In terms of strap choice, the Leash or the Slide Lite makes the most sense. Of course, if you already use one of these on your camera, you can quickly disconnect that and use it on the tripod, too.

Additional Way To Use 3rd Party Ball Head

We’ve looked at the Universal Head Adapter as a way to use a 3rd party head on this tripod, but there is another option. By installing a reducer bushing into the 3/8 16″ thread on the base of your ball head, you can then attach the included Peak Design tripod plate onto the head and directly mount it to the built-in ball head of the tripod.

This makes a taller and heavier setup, but it has the benefit of being faster to swap between using the built-in head and using a 3-rd party ball head that has additional panning features and more ergonomic controls. Another benefit is that the tripod’s built-in head than acts as a leveling head, enabling you to quickly set up a perfectly flat base for the second head for panoramic photography or filmmaking. Both things that require that perfectly level starting point.

The Perfect Gimbal or Pano Head for the Peak Design Travel Tripod

In this photo the gimbal head is in its special 180 degree folded mode for transport.

Gimbal heads are incredibly useful for wildlife photography with longer lenses and panoramic photography. The problem is that most gimbal heads are quite tall and heavy. Putting a heavy head on a compact ultralight travel tripod would typically result in a setup that is far too top-heavy and unstable.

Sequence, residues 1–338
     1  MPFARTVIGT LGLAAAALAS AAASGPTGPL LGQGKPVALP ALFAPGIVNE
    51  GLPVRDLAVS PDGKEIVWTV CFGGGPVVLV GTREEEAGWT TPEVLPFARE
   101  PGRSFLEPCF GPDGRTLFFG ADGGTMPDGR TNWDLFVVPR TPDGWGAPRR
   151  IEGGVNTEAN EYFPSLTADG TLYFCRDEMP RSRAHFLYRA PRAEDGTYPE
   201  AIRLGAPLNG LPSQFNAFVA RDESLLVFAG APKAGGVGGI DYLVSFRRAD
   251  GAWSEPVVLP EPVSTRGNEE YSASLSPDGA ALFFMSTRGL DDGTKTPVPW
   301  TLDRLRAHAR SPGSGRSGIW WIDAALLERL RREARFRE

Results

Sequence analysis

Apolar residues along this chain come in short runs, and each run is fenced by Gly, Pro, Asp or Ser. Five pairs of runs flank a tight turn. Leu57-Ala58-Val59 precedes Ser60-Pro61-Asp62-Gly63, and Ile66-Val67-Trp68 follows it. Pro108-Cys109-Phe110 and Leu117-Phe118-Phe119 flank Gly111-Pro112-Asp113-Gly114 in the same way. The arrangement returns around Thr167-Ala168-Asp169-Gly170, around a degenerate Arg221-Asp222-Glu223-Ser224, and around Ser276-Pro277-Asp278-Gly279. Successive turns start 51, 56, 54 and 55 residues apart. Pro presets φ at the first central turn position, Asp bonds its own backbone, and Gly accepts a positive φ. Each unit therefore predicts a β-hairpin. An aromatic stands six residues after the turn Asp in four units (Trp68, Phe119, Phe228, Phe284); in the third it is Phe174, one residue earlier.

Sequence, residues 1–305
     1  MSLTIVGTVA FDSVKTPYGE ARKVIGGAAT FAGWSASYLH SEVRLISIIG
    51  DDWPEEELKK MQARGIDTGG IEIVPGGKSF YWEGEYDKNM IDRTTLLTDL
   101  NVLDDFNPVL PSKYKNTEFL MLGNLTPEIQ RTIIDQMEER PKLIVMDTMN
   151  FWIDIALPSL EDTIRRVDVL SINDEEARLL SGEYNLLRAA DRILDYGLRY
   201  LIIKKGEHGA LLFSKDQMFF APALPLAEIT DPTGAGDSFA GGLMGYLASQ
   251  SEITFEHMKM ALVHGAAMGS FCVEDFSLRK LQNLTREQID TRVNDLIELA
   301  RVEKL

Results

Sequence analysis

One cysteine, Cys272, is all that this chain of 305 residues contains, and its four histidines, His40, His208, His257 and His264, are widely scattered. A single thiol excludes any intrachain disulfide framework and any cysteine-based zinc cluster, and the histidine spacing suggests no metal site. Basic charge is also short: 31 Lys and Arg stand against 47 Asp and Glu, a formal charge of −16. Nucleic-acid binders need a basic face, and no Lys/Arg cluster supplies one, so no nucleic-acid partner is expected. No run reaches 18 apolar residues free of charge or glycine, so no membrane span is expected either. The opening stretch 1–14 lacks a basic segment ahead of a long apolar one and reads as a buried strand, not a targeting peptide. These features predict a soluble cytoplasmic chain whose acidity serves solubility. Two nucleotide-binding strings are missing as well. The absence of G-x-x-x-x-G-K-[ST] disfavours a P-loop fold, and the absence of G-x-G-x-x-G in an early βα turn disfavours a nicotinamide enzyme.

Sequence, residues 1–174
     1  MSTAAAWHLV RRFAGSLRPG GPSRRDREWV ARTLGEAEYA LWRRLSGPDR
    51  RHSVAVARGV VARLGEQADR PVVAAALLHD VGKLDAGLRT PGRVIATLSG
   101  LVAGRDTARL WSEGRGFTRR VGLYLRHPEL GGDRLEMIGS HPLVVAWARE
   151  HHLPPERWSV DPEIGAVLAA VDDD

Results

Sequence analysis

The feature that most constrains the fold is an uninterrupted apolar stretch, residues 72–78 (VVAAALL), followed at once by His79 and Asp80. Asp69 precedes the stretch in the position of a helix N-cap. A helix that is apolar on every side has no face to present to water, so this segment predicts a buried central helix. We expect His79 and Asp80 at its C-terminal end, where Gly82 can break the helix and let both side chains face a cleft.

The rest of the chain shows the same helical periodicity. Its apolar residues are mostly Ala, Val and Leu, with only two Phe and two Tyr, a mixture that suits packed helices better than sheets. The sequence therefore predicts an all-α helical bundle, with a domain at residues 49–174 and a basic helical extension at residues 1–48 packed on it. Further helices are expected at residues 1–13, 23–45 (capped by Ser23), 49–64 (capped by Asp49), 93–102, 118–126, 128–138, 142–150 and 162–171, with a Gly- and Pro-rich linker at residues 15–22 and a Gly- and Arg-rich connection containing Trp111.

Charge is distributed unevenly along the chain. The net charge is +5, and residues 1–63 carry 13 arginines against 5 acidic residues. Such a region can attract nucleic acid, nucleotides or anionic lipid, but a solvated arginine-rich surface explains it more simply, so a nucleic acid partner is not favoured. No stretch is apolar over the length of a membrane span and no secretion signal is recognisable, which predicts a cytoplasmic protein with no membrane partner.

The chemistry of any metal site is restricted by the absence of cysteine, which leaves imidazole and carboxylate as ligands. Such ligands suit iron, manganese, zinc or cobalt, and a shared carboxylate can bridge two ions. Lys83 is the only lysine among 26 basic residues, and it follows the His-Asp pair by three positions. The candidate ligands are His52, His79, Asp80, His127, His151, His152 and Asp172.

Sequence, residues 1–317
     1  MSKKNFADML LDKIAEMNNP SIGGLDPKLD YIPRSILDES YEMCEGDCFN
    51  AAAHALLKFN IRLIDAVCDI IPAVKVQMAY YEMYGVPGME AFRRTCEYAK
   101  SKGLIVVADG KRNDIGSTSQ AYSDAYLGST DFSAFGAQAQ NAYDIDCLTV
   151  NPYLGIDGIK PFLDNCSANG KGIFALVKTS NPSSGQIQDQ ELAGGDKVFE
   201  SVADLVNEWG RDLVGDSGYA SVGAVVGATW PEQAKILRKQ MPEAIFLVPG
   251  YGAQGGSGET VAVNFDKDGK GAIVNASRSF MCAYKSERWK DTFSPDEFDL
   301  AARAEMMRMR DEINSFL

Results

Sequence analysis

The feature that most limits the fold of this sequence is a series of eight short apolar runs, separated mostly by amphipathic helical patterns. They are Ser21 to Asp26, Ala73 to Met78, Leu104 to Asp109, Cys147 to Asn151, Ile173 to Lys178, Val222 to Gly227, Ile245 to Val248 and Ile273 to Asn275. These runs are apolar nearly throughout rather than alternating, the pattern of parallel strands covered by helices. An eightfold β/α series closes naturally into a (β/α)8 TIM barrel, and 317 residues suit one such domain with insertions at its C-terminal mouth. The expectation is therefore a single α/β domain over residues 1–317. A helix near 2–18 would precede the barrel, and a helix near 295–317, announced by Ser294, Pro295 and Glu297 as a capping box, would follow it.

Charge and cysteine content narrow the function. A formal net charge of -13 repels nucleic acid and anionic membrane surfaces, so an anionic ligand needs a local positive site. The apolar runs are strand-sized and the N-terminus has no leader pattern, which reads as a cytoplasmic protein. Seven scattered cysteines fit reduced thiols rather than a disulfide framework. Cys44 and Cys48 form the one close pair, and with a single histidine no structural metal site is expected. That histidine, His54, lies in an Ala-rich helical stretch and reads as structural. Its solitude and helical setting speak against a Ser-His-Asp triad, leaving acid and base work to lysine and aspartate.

For a long time I simply ruled out using a gimbal with a small tripod, but then I came across a new gimbal while I was researching updates for my in-depth guide to the best gimbals on the market. The gimbal in question is the Fotopro E-6H.

Fotopro is a Chinese tripod company that makes some very high-end equipment. In the West, we tend to associate the Chinese photo brands with cheaper, low-end photo gear, but Fotopro should not be thought of in this way. While they do have a broad product range that includes cheaper tripods, their top-of-the-range Fotopro Eagle tripods and gimbals are easily Gitzo and Really Right Stuff levels of quality, stability and price.

The E-6H gimbal is absolutely tiny compared to every other gimbal on the market, yet it is rock solid and has by far the smoothest pan and tilt motions of any gimbal I have ever tested. Not only is it strong, smooth and stable, but it also has the unique ability to rotate the vertical gimbal arm forwards or backwards up to 180 degrees in 45-degree increments. This means you can shoot straight up into the night sky, straight down for macro work, or simply fold it downwards to make your tripod more compact for travel.

Panoramic photographers will appreciate the unique click stops that can be engaged on the panning base to allow for easily repeatable panning positions, and filmmakers will appreciate the included panning arm that lets you create silky smooth pan and tilt movements that are far cleaner than you get with low-end video fluid heads. This gimbal really is a jack of all trades.